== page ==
[1, 2] Appellant assigns as error the refusal of the trial court to allow his motion for a directed verdict made at the close of all the evidence. The record before us reveals that the appellant did not state the specific grounds for his motion. “A motion for a directed verdict shall state the specific grounds therefor.” G.S. 1A-1, Rule 50(a). This provision of the rule is mandatory. Wheeler v. Denton, 9 N.C. App. 167, 175 S.E. 2d 769. The appellant, having failed to state specific grounds for his motion, is not entitled upon this appeal to question the sufficiency of the evidence to support the verdict. Nevertheless, because the Rules of Civil Procedure are only so recently effective in this State, we have reviewed the record and are of opinion there was sufficient evidence to require submission to the jury of the issues which it answered in plaintiff’s favor.
 Appellant assigns as error portions of the court’s charge to the jury. A number of appellant’s exceptions to the charge have merit. As an example, on the issue as to whether defendant had offered such indignities to the person of plaintiff as to ren*338der her condition intolerable and her life burdensome, the court charged:
“To entitle the wife to the relief the indignities offered by the husband must be such as may be expected seriously to annoy a woman of ordinary sense and temperament, and must be repeated or continued so that it may appear to have been done wilfully and intentionally or at least consciously by the husband to the annoyance of the wife.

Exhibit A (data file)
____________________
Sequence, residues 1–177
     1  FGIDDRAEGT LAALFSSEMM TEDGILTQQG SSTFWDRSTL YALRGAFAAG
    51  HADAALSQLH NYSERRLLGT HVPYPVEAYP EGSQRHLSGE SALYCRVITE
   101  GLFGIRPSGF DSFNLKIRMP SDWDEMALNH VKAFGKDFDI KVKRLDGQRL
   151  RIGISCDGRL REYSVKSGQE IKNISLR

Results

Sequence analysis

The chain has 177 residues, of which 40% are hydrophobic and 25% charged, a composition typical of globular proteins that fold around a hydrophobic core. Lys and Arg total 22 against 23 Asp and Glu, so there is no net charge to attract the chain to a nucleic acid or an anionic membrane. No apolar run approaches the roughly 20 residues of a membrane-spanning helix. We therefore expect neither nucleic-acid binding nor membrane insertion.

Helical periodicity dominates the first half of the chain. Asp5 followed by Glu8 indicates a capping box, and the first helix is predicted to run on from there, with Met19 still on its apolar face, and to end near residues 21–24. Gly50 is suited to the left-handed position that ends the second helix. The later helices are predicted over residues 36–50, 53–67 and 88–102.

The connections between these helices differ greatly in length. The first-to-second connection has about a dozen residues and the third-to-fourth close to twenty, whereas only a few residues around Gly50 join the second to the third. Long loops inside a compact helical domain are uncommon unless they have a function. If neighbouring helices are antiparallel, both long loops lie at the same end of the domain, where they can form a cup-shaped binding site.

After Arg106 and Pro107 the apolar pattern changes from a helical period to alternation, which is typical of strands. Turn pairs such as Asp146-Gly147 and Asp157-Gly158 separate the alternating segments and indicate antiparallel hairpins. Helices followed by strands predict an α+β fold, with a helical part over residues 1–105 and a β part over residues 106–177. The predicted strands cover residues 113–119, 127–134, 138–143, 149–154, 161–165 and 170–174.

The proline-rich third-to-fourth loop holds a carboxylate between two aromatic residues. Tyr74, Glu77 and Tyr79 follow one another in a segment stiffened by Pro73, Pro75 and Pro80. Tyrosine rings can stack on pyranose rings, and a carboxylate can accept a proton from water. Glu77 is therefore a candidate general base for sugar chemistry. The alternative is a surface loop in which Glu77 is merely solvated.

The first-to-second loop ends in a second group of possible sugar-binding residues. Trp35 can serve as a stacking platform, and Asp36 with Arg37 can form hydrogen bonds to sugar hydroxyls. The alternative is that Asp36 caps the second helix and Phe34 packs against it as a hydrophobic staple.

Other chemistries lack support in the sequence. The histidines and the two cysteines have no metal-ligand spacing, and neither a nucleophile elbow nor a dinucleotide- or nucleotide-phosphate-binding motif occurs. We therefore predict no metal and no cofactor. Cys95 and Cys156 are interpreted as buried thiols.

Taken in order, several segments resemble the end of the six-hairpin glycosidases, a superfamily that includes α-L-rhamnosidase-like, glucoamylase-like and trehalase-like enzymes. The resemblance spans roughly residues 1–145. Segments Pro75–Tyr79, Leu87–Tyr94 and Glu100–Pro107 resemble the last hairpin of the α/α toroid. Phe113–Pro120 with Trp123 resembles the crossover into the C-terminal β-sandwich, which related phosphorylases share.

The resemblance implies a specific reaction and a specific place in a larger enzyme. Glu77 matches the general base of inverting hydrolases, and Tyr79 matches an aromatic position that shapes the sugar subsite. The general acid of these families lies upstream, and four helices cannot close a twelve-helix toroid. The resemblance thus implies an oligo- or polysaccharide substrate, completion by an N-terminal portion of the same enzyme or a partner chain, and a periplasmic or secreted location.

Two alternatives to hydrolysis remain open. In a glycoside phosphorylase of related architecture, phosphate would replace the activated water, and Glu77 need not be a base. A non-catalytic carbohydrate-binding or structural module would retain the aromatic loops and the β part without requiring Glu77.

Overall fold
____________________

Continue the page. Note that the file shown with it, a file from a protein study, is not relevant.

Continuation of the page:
“Mrs. Turner has testified to certain indignities, and two of her children have also. It is up to you to decide the credibility of that testimony and whether or not she has sustained that burden.”
[3, 4] A reading of the charge as a whole leads to the conclusion that the court failed to “declare and explain the law arising on the evidence given in the case” and failed to state the evidence “to the extent necessary to explain the application of the law thereto.” This the court was required to do by G.S. 1A-1, Rule 51(a) (formerly G.S. 1-180).
“The chief purpose of a charge is to aid the jury to understand clearly the case and arrive at a correct verdict. For this reason, the Court has consistently held that G.S. 1-180 confers a substantial legal right, and imposes upon the trial judge a positive duty, and his failure to charge the law on the substantial features of the case arising on the evidence is prejudicial error, and this is true even without prayer for special instructions.” Bulluck v. Long, 256 N.C. 577, 587, 124 S.E. 2d 716, 728.
In the case before us the jury was left to determine for itself, without adequate explanation from the court, what law arose on the evidence in the case and how that law should be applied to the evidence.
For the court’s failure properly to instruct the jury as required by G.S. 1A-1, Rule 51(a), defendant is entitled to a
Mallard, C.J., and Hedrick, J., concur.